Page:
The Mojave and Colorado deserts and the Little San Bernardino Mountains converge within California's Joshua Tree National Park. Environmental and community organizations have contested the Eagle Mountain Landfill for 18 years because of the adverse impacts it would have on the national park.
"The Supreme Court's decision not to hear this appeal is great news for all of us who care about Joshua Tree National Park," said David Lamfrom, California Desert Program Manager with the National Parks Conservation Association.
"Joshua Tree, which is celebrating its 75th Anniversary this year, is an American icon," Lamfrom said. "Local communities, regional economies, and more than one million visitors per year all benefit from the wildflower blooms, abundant wildlife, Joshua tree woodlands, and rock formations that have made this national park world famous."
A giant Joshua tree in Joshua Tree National Park (Photo by Evergreengirl)
The Joshua Tree, Yucca brevifolia, is a member of the agave family, used in many ways by native Americans - tough leaves were worked into baskets and sandals, flower buds and raw or roasted seeds were eaten. Joshua trees provide habitat for numerous birds, mammals, insects, and lizards.
"Putting the country's largest landfill next to one of its most revered landscapes is contrary to America's collective work and investment to protect this national park for our shared enjoyment and inspiration," said Lamfrom, "and to ensure that those who follow us can do the same."
Since 1988 when the Kaiser Steel Company came out of bankruptcy, the former steel giant has been focused on redeploying its assets, one of which is Kaiser's former Eagle Mountain iron ore mine, located in the remote eastern Riverside County desert, 150 miles east of the Los Angeles basin on the edge of the national park.
Since 1988, Kaiser and its subsidiary, Mine Reclamation LLC, have been working to transform the former mine into what the company calls "a state-of-the-art, regional rail-haul municipal solid waste landfill that can meet significant demand for new, environmentally superior, solid waste disposal in Southern California."
The idea was to build a regional landfill capable of processing up to 20,000 tons of waste per day for 50 years.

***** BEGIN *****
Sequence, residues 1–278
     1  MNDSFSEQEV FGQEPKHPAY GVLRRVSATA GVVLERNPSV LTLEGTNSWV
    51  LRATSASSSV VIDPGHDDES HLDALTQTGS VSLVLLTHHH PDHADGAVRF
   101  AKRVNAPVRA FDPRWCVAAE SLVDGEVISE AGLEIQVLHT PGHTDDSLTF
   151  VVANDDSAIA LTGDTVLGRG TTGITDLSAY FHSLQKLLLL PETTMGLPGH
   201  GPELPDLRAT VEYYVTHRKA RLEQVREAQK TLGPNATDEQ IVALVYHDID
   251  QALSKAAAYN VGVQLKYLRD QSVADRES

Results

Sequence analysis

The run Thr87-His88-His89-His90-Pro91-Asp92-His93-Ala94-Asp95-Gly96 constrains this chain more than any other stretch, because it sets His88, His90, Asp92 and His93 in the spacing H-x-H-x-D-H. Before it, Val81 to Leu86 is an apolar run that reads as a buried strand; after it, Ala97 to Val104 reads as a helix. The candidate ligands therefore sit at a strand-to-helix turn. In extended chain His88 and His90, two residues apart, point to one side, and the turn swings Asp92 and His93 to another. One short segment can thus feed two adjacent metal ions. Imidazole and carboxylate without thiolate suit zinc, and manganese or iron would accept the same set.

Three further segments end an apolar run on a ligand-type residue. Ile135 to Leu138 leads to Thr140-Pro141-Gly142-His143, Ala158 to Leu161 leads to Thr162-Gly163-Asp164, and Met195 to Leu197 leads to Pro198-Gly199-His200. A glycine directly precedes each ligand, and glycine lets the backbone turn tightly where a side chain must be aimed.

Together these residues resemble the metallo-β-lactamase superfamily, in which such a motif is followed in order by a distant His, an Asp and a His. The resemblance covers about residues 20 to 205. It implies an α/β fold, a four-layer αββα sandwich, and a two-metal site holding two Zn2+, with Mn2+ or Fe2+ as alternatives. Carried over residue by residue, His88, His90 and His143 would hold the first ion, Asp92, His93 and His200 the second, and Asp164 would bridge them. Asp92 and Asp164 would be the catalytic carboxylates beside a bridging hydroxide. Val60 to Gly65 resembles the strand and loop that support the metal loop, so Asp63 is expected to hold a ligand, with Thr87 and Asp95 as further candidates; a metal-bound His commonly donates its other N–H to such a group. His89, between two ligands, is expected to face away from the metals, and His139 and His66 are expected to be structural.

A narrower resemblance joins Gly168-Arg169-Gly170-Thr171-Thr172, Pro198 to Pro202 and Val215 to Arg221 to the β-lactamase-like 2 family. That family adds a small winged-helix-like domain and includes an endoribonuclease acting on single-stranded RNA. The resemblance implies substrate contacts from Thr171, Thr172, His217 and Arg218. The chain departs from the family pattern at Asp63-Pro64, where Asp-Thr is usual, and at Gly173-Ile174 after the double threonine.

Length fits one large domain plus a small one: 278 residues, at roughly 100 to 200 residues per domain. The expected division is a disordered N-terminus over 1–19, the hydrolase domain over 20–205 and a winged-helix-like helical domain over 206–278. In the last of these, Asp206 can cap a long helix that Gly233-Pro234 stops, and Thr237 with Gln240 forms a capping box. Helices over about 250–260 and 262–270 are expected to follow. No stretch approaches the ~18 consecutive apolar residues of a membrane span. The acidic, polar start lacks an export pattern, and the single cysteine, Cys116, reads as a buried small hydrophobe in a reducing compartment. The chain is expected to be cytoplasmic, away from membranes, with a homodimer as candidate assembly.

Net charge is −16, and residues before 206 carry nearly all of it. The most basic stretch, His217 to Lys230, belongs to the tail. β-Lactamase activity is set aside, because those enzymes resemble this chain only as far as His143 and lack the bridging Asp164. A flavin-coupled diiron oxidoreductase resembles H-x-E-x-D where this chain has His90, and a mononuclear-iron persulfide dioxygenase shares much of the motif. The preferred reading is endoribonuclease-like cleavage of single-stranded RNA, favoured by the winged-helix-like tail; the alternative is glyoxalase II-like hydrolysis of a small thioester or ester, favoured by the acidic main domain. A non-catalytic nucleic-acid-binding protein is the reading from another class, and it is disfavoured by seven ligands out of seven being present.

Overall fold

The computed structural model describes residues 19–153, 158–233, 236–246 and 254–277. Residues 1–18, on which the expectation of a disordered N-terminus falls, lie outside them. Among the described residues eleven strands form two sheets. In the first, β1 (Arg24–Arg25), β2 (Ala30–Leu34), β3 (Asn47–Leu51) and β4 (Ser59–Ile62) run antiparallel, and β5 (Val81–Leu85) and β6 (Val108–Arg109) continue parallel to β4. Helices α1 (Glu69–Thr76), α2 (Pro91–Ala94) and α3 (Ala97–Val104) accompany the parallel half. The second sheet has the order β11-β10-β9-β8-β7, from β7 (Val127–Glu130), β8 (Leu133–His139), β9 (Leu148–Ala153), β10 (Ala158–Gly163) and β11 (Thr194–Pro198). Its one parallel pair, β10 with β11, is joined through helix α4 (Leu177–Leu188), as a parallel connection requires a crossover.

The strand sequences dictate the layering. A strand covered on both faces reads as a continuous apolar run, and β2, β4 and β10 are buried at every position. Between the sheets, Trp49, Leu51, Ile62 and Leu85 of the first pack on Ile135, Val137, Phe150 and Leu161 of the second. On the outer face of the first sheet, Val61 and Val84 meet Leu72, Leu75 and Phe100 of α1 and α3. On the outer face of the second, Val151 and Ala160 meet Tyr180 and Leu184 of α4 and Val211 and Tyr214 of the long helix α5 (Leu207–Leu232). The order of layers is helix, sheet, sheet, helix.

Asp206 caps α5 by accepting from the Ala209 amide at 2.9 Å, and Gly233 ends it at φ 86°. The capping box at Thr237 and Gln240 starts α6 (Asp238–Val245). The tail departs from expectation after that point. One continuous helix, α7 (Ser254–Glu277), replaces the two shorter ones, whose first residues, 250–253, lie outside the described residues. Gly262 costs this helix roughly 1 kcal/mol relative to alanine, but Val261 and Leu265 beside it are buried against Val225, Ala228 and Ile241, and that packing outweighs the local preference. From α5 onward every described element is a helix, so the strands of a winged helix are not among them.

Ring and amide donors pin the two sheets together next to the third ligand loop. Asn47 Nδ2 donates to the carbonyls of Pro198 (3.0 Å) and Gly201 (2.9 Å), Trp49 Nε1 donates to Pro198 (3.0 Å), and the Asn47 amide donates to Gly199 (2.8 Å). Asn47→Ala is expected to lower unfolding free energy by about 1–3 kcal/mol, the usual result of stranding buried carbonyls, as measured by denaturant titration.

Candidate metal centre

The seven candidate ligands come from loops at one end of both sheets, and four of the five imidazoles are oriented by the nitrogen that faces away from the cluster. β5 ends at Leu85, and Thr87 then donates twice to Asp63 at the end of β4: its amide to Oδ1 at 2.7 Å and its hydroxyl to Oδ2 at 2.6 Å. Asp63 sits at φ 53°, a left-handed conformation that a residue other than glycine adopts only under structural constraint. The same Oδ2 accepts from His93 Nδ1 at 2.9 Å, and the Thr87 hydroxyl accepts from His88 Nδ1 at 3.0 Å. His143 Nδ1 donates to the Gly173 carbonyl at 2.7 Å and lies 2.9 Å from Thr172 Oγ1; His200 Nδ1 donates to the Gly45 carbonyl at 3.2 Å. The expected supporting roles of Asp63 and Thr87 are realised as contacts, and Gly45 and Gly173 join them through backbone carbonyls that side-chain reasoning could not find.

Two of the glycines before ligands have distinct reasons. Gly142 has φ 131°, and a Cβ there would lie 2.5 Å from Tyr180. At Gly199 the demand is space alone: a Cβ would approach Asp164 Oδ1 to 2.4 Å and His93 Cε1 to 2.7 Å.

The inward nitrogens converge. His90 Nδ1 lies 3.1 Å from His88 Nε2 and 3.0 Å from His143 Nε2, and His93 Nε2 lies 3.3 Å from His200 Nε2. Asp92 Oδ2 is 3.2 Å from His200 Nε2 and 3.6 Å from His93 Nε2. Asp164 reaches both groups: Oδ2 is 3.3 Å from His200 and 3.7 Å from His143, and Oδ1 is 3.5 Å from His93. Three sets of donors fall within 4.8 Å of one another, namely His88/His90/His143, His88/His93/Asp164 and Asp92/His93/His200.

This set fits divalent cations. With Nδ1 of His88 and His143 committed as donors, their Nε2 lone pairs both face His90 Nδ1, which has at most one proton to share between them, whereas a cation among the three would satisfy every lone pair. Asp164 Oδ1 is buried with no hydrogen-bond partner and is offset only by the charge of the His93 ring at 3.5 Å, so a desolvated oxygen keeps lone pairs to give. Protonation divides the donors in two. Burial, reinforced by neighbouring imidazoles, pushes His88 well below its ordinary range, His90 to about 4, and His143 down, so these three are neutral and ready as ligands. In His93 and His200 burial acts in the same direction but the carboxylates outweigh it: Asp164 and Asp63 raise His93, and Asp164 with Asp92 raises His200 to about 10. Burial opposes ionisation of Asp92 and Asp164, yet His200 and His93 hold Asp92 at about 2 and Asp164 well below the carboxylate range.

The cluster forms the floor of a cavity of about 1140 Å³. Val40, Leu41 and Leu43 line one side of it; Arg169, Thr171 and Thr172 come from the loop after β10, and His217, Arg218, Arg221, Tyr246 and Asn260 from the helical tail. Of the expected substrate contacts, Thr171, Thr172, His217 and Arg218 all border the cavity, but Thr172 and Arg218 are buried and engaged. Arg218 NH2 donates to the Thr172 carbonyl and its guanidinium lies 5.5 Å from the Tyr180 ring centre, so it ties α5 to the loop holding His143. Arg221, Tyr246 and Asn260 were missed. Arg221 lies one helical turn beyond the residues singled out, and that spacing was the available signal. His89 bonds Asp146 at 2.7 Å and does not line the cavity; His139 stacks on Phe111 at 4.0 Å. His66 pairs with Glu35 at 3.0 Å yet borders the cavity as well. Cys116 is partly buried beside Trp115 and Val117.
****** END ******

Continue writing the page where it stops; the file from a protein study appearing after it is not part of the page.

In August 2000, Mine Reclamation reached agreement to sell the Eagle Mountain Landfill to the Los Angeles County Sanitation Districts for $41 million.
Kaiser completed a land exchange with the U.S. Bureau of Land Management for the Eagle Mountain landfill project.
But the initial closing of the sale has been delayed by litigation.
The land exchange was challenged in U.S. District Court by the National Parks Conservation Association, the Center for Community Action and Environmental Justice, the Desert Protection Society and Donna and Lawrence Charpied.
In September 2005, U.S. District Judge Robert Timlin ruled that the land exchange was not properly approved by the federal agency.
Kaiser and MRC took their case to the U.S. 9th Circuit Court of Appeals.
In July 2010, Rick Stoddard, Kaiser's chief executive officer and chairman of Mine Reclamation said, "The landfill will assist Kaiser in helping to maintain the medical benefits of thousands of employees and spouses of the former Kaiser Steel Corporation. Riverside County will receive millions in new revenue to fund public services. The entire region benefits from the hundreds of new, family wage jobs that will be created as well as the provision of tens of millions of dollars to fund the Coachella Valley multi-species habitat conservation plan and for environmental research in Joshua Tree National Park."
On November 10, 2009, the 9th Circuit Court of Appeals issued a final ruling against the land exchange. Kaiser and MRC appealed to the U.S. Supreme Court and it was this appeal the high court decided not to hear, allowing the appeals court decision to stand.
"Depositing 20,000 tons of trash per day next to Joshua Tree National Park will hurt the air quality, water quality, scenery, and natural quiet of the park and its southern gateway communities," said Lamfrom. It would also increase the population of ravens. a major predator of the federally threatened desert tortoise."
The successful environmental groups say the Eagle Mountain Landfill will not be needed. They point to the new Mesquite Regional Landfill in Imperial County, which is scheduled to come online this year and operate for 100 years with a permitted disposal capacity of 20,000 tons per day. Served by rail and truck, Mesquite will have a surplus of waste disposal capacity through at least 2018, the furthest year out in the Los Angeles County projections.
Copyright Environment News Service (ENS) 2011. All rights reserved.